Senior White House adviser Jared Kushner addressed new concerns about his top-secret security clearance in an evening interview on April 1.
Kushner, who is President Donald Trump’s son-in-law, is said to be among more than two dozen White House officials whose security clearances were allegedly denied by career staff in the White House Personnel Security Office, only to have them approved by staff supervisors.
“Over the last two years that I’ve been here, I’ve been accused of all different types of things and all those things have turned out to be false,” Kushner told Fox News.
“When I came to Washington, I had a very successful business career. I had extensive holdings, and I disclosed all my holdings to the Office of Government Ethics. They told me what to divest, what to keep, and what rules to follow,” he said.
At the heart of the controversy is Tricia Newbold, a career employee in the Personnel Security Office, who contacted congressional leaders to express what she called “grave” concerns.
House Oversight Committee Chairman Rep. Elijah Cummings (D-Md.) acted on Newbold’s concerns and conducted a nine-hour, closed-door interview without a single Republican committee member present—contrary to established practice. The interview took place at 8:30 a.m. on March 25, outside of regular committee hours.
On April 1, Cummings released a press statement referring to Newbold as a whistleblower who “has come forward at great personal risk to warn Congress—and the nation—about the grave security risks she has been witnessing first-hand over the past two years.”
Cummings also announced his intention to subpoena Newbold’s former supervisor, Carl Kline, who now works at the Department of Defense. Cummings followed through during an April 2 committee meeting, but not before ranking member Rep. Jim Jordan (R-Ohio), confronted him on the record.
“That’s how we’re going to do investigations in the Oversight Committee? Talk to one person and then issue a big press statement so you can get some headlines?” Jordan asked.
“Now, today, we’re going to subpoena a guy who just sent us a letter saying he’s willing to come here voluntarily? I’ve been on this committee for 10 years, I’ve never seen anything like this,” he continued.
Security clearances are based on extremely sensitive personal information, and probing them is meant to damage the president, Jordan claimed in a response memo to Cummings’ statement.
Cummings’ April 1 announcement was made shortly after Democrats on the House Judiciary Committee announced a hearing of their own on April 3 to formally authorize subpoenas for special counsel Robert Mueller’s full report, even though Mueller found no evidence of wrongdoing by Trump or his campaign.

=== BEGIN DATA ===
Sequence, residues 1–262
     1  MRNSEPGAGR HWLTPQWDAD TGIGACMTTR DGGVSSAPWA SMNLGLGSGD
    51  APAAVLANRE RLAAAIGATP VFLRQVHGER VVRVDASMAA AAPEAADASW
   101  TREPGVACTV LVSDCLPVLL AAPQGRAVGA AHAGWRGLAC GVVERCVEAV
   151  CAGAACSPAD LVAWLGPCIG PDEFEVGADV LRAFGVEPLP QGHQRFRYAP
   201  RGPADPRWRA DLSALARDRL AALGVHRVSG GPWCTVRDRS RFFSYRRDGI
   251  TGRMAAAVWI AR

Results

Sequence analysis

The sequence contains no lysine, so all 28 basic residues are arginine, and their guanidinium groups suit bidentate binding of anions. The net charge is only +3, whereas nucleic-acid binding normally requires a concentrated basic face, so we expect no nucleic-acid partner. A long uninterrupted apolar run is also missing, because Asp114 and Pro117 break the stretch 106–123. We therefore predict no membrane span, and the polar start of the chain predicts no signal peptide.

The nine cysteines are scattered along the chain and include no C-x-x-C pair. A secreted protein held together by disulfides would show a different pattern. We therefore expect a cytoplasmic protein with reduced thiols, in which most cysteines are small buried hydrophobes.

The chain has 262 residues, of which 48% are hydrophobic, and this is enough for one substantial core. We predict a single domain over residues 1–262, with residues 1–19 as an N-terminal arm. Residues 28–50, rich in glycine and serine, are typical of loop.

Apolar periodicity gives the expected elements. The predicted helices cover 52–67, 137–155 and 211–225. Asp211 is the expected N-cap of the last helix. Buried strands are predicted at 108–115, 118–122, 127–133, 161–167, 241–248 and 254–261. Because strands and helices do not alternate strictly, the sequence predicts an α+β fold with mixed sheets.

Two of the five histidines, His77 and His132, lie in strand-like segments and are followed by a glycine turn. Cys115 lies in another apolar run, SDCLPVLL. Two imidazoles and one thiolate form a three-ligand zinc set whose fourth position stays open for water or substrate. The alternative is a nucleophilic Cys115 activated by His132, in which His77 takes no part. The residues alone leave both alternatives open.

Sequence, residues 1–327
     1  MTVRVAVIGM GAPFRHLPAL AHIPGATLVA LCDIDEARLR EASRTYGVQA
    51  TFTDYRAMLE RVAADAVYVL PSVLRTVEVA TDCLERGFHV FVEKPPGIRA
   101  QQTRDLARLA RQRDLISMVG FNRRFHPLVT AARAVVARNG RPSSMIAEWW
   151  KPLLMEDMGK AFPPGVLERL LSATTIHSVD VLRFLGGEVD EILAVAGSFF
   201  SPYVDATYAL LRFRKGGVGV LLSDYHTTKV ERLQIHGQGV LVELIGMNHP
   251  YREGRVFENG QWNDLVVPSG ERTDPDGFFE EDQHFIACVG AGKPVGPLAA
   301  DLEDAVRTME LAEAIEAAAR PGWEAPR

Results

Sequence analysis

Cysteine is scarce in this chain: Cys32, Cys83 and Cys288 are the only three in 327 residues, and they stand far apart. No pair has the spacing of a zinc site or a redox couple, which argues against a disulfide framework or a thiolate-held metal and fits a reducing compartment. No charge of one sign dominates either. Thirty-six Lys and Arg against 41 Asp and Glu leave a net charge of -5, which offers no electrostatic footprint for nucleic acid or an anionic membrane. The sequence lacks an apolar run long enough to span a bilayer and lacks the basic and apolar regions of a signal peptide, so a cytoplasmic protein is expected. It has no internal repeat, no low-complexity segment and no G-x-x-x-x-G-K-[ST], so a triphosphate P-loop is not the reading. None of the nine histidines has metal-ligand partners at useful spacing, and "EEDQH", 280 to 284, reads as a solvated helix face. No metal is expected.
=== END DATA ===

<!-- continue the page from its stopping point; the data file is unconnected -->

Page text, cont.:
Democratic Judiciary Committee members also plan to request a new round of documents from five former Trump associates.
The cascade of new subpoenas is in line with promises to investigate the Trump administration dating back to the November 2018 midterm elections.
During the April 2 Oversight Committee hearing, Jordan further decried Cummings’ tactics.
“Frankly, it gets worse. Because we’ve got another resolution with three more subpoenas,” Jordan said, outlining the committee’s planned investigations of the Commerce Department, Department of Justice, and an unnamed witness who Jordan said has already testified.
Other Democrats on the committee, however, expressed strong support for looking further into White House security clearances.
“Every day that we go on without getting to the bottom of this matter is a day that we are putting hundreds if not potentially thousands of Americans at risk. I mean, really, what is next, putting nuclear codes in Instagram DMs? This is ridiculous,” said Rep. Alexandria Ocasio-Cortez (D-N.Y.).
In his nine-page response memo, Jordan said Cummings had “cherry-picked” excerpts of Newbold’s nine-hour interview, and that the 25 examples of overruled recommendations she cited include nonpolitical officials such as a Government Services Administration custodian.
Jordan knocked down other claims used to justify the security clearance investigation, which he called a “reckless decision.”
“Chairman Cummings’ investigation is not about restoring integrity to the security clearance process, it is an excuse to go fishing through the personal files of dedicated public servants,” he wrote.
For his part, Kushner told Fox that he is grateful to have played a role in implementing the president’s foreign policy objectives during the past two years, as well as certain domestic priorities like criminal justice reform.
“Because of the president’s leadership, I think the world is safer today,” he said.
Kushner also spoke to other controversies that he described as “conspiracy theories.”
“We’ve had a lot of crazy accusations, like we colluded with Russia. I’ve complied with all the different investigations, whether they were the Senate, House, or special counsel. I’ve sat for nearly 20 hours of interviews with them,” he said.
“You could look at it and say that because the media’s been so distracted with Russia, Russia, Russia, and all of these crazy conspiracy theories, we’ve been able to operate underneath that level and just be really effective,” added Kushner.